Since 2010, the excavations on top of the excavation base continued in the framework of a project by the Lower Saxony State Service for Cultural Heritage in Hannover and the Eberhard Karls University Tuebingen, Department of Early Prehistory and Quaternary Ecology of the Institute of Pre- and Protohistory and Mediaeval Archaeology, supported by the Deutsche Forschungsgemeinschaft (German Research Association). Numerous cooperation partners domestic and abroad are involved in the reprocessing and the evaluation of the excavations: Rijksuniversiteit Leiden (paleontology), Leuphana University Lueneburg (palynologie), Senckenberg Research Institute and Nature Museum in Frankfurt am Main, Leibniz University Hannover(geology), Institute for Quaternary Lumbers Langnau (wood anatomy), Romano-Germanic Central Museum Mainz and others.
In 2009, Lower Saxony allocated public funds from the increased funds for the economy package II for the construction of a research and development centre. The centre, close to the place of discovery, is devoted to the inter-disciplinary research of the Schöningen places of discovery, as well as to the Pleistocene archaeology, and presents the original finds in an experience-orientated, modern exhibition. The transparent research and laboratory area as well as an interactive visitor’s laboratory link the areas “research” and “museum”. A 24 hectare outdoor area presents typical plant communities of the interglacial, among them a pasture for wild horses. The place has been planned as an extracurricular place of learning. The building contractor was the town of Schöningen. Responsible for the conception and contextual planning was the Lower Saxony State Service of Cultural Heritage. The centre was opened at the beginning of 2013.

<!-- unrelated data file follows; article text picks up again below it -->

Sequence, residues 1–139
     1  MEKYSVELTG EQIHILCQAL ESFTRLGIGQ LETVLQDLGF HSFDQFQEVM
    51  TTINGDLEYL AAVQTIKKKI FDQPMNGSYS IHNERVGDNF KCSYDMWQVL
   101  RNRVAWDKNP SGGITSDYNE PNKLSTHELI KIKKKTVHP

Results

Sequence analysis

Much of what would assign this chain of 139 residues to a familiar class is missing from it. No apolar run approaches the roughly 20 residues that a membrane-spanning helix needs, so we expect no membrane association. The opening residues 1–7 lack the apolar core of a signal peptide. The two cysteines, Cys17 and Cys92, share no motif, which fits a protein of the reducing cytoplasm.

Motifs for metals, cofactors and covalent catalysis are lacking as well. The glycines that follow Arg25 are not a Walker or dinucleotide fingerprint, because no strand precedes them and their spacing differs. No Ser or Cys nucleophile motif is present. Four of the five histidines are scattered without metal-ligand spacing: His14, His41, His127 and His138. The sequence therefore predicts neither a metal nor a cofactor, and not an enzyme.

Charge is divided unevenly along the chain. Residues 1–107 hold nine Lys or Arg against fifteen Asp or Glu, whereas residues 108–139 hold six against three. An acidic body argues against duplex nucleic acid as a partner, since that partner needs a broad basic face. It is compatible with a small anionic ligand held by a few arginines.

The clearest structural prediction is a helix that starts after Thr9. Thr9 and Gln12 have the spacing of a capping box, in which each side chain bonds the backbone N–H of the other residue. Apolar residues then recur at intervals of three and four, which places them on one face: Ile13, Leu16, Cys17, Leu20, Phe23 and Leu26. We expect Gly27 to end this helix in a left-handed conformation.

Archaeologists at the University of Tübingen have questioned some of the initial interpretations of the site. Isotope analysis and wear patterns on the horses' teeth show a wide variety of habitat and diet amongst the animals, indicating that the faunal assemblage accumulated in many small events, rather than one large slaughter. Sediment analysis shows that the red colour previously thought to be a result of hearths and burning are actually iron compounds forming as the lake levels dropped in recent times. Lake algae, sponges, and small crustaceans found in the sediments show that the spears were never on dry land and that the deposit has always been submerged. These data suggest that instead of representing a big hunting event, the spears suggest less social complexity than originally suggested. They also suggest that the horses were hunted in shallow water rather than at the lake edge.
Wooden artifacts from the Palaeolithic age are very rarely delivered to posterity. Beside Schöningen, finds are the Clacton Spear from Clacton-on-Sea (England), Torralba (Spain), Ambrona (Spain) and Bad Cannstatt (Germany/Baden-Wuerttemberg), of which only the Clacton Spear has been preserved. The artificial character of calcified lumbers from the discovery site Bilzingsleben is debatable. A wooden stabbing lance from Lehringen, also from Lower Saxony, was found underneath the skeleton of a straight-tusked elephant and is aged approximately 125,000 years, so it is much younger. The elephant was possibly killed by it.
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- The Subversive Archaeologist Shedding New Light on the Schöningen Spears
- Oldest Wooden Spear Smithsonian Institution's Human Origins Program